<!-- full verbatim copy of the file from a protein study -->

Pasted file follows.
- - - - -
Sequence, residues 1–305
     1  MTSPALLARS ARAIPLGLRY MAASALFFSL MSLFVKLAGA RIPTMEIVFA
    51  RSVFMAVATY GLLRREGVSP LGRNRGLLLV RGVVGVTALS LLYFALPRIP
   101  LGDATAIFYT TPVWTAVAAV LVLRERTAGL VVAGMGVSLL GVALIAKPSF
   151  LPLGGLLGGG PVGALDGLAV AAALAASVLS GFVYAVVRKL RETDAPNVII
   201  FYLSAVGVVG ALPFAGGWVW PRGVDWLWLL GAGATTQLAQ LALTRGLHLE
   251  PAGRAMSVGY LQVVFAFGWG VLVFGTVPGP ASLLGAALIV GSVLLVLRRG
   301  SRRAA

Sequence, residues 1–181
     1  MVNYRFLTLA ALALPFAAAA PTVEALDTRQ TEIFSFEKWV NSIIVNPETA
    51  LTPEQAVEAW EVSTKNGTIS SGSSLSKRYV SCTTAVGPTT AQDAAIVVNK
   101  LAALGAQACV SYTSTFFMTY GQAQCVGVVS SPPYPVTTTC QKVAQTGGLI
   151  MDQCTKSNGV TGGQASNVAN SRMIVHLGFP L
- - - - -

Sequence, residues 1–305
     1  MTSPALLARS ARAIPLGLRY MAASALFFSL MSLFVKLAGA RIPTMEIVFA
    51  RSVFMAVATY GLLRREGVSP LGRNRGLLLV RGVVGVTALS LLYFALPRIP
   101  LGDATAIFYT TPVWTAVAAV LVLRERTAGL VVAGMGVSLL GVALIAKPSF
   151  LPLGGLLGGG PVGALDGLAV AAALAASVLS GFVYAVVRKL RETDAPNVII
   201  FYLSAVGVVG ALPFAGGWVW PRGVDWLWLL GAGATTQLAQ LALTRGLHLE
   251  PAGRAMSVGY LQVVFAFGWG VLVFGTVPGP ASLLGAALIV GSVLLVLRRG
   301  SRRAA

Sequence, residues 1–181
     1  MVNYRFLTLA ALALPFAAAA PTVEALDTRQ TEIFSFEKWV NSIIVNPETA
    51  LTPEQAVEAW EVSTKNGTIS SGSSLSKRYV SCTTAVGPTT AQDAAIVVNK
   101  LAALGAQACV SYTSTFFMTY GQAQCVGVVS SPPYPVTTTC QKVAQTGGLI
   151  MDQCTKSNGV TGGQASNVAN SRMIVHLGFP L